The concept of efficacy versus effectiveness can also be helpful when thinking about other areas of our lives, such as project management and decision making in general. An idea that seems perfect under ideal conditions may not stand the test of chaos which real life inevitably brings about. When choosing between two solutions with similar levels of efficacy, it makes sense to go with the most effective one.

Efficiency means doing things right

Once you have found an effective solution, you can then try to improve it by making it more efficient. The Oxford Dictionary offers several definitions of efficiency. The first one is useless: “The state or quality of being efficient.” The second one—the technical definition—is much more interesting. It defines efficiency as “the ratio of the useful work performed by a machine or in a process to the total energy expended or heat taken in.”

Measuring efficiency is comparing a solution’s input to its output. You could effectively get the right things done, but in an inefficient manner. Efficiency is about doing things in the most economical way, whether in terms of time, energy, or money.

In clinical trials, two drugs could be equally effective: they both manage to improve patients’ symptoms in the real world. However, if one of them is much more costly than the other one, that drug won’t be considered as efficient. Similarly, in project management or decision making, you could come up with a solution that achieves the right result (effective), but is needlessly costly (inefficient).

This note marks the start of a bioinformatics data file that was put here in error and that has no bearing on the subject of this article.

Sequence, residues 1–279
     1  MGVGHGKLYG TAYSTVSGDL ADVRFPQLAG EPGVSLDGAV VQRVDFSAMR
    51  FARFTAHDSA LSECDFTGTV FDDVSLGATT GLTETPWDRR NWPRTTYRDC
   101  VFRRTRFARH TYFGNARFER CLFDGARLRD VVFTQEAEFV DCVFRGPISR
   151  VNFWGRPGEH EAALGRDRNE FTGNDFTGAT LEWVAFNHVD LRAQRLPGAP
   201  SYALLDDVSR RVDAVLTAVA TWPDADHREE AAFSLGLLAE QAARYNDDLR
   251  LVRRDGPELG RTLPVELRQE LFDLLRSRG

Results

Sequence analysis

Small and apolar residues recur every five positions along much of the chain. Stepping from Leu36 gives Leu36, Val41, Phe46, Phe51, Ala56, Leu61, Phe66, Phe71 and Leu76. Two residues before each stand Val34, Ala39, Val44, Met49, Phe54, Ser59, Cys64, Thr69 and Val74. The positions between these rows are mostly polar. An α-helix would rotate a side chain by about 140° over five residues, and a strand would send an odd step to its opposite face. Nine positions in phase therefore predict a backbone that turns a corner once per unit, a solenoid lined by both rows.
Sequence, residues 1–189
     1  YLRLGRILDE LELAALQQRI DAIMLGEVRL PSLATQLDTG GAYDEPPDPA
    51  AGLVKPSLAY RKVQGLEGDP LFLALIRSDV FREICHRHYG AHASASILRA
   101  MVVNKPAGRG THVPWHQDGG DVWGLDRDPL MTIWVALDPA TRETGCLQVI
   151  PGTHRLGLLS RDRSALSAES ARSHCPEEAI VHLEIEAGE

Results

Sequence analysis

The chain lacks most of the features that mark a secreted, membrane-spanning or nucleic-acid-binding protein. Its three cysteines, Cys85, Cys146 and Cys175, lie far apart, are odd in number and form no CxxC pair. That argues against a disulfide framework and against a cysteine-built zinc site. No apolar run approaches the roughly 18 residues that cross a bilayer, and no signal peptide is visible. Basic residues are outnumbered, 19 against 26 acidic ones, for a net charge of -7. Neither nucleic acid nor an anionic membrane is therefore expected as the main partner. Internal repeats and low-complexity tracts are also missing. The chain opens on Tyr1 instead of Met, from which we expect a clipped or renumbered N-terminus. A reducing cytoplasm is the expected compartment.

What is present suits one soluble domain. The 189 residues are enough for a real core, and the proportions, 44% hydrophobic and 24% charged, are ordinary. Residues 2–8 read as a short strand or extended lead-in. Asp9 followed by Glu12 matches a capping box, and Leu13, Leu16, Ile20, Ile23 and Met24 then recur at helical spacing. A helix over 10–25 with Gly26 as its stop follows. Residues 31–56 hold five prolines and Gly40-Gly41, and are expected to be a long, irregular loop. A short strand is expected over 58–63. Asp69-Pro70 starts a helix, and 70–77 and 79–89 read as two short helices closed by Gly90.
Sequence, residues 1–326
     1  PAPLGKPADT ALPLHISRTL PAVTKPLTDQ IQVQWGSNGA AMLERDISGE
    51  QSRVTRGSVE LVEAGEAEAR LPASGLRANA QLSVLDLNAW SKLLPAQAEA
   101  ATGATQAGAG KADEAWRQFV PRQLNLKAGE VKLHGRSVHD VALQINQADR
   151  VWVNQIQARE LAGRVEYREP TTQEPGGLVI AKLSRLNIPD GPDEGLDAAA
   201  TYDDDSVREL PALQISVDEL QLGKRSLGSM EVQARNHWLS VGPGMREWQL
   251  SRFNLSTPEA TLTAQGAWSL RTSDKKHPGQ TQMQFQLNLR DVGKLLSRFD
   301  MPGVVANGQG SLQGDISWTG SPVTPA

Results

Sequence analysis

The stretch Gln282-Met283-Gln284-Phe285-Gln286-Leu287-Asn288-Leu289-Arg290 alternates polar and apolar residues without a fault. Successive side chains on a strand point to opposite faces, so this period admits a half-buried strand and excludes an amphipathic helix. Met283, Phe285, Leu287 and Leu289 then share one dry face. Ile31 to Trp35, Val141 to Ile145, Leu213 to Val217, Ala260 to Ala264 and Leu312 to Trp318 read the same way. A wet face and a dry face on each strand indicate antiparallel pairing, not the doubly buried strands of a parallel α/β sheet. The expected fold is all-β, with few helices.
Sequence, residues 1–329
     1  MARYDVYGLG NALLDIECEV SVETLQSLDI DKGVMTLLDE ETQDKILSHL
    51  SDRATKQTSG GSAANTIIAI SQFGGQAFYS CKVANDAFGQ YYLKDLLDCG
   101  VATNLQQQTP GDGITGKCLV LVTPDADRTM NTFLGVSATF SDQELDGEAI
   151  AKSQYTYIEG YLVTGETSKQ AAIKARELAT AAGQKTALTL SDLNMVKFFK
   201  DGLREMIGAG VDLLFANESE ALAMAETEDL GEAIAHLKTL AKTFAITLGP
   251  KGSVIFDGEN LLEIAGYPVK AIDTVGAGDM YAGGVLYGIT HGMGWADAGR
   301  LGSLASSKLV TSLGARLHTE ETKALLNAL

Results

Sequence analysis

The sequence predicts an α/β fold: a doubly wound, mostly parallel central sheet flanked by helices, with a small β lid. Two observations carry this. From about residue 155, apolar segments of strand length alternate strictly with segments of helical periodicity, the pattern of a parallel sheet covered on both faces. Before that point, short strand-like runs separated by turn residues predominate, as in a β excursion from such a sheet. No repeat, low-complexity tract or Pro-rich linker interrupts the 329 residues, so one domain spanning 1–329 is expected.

In his book The Tipping Point, Malcolm Gladwell describes a modest yet incredibly efficient healthcare solution: “The Band-Aid is an inexpensive, convenient, and remarkably versatile solution to an astonishing array of problems. In their history, Band-Aids have probably allowed millions of people to keep working or playing tennis or cooking or walking when they would otherwise have had to stop. The Band-Aid solution is actually the best kind of solution because it involves solving a problem with the minimum amount of effort and time and cost.”

To summarise: efficacy means getting things done (is it working?), effectiveness means doing the right things (is it actually working well?), and efficiency means doing things right (is it working in the most economical way?). It’s helpful to think of them in this particular order. First, make sure the solution can actually achieve the desired result, even if that efficacy requires very specific conditions. Then, test your solution in a real-world environment. Finally, if the solution is effective, figure out ways to make it more economical—more efficient.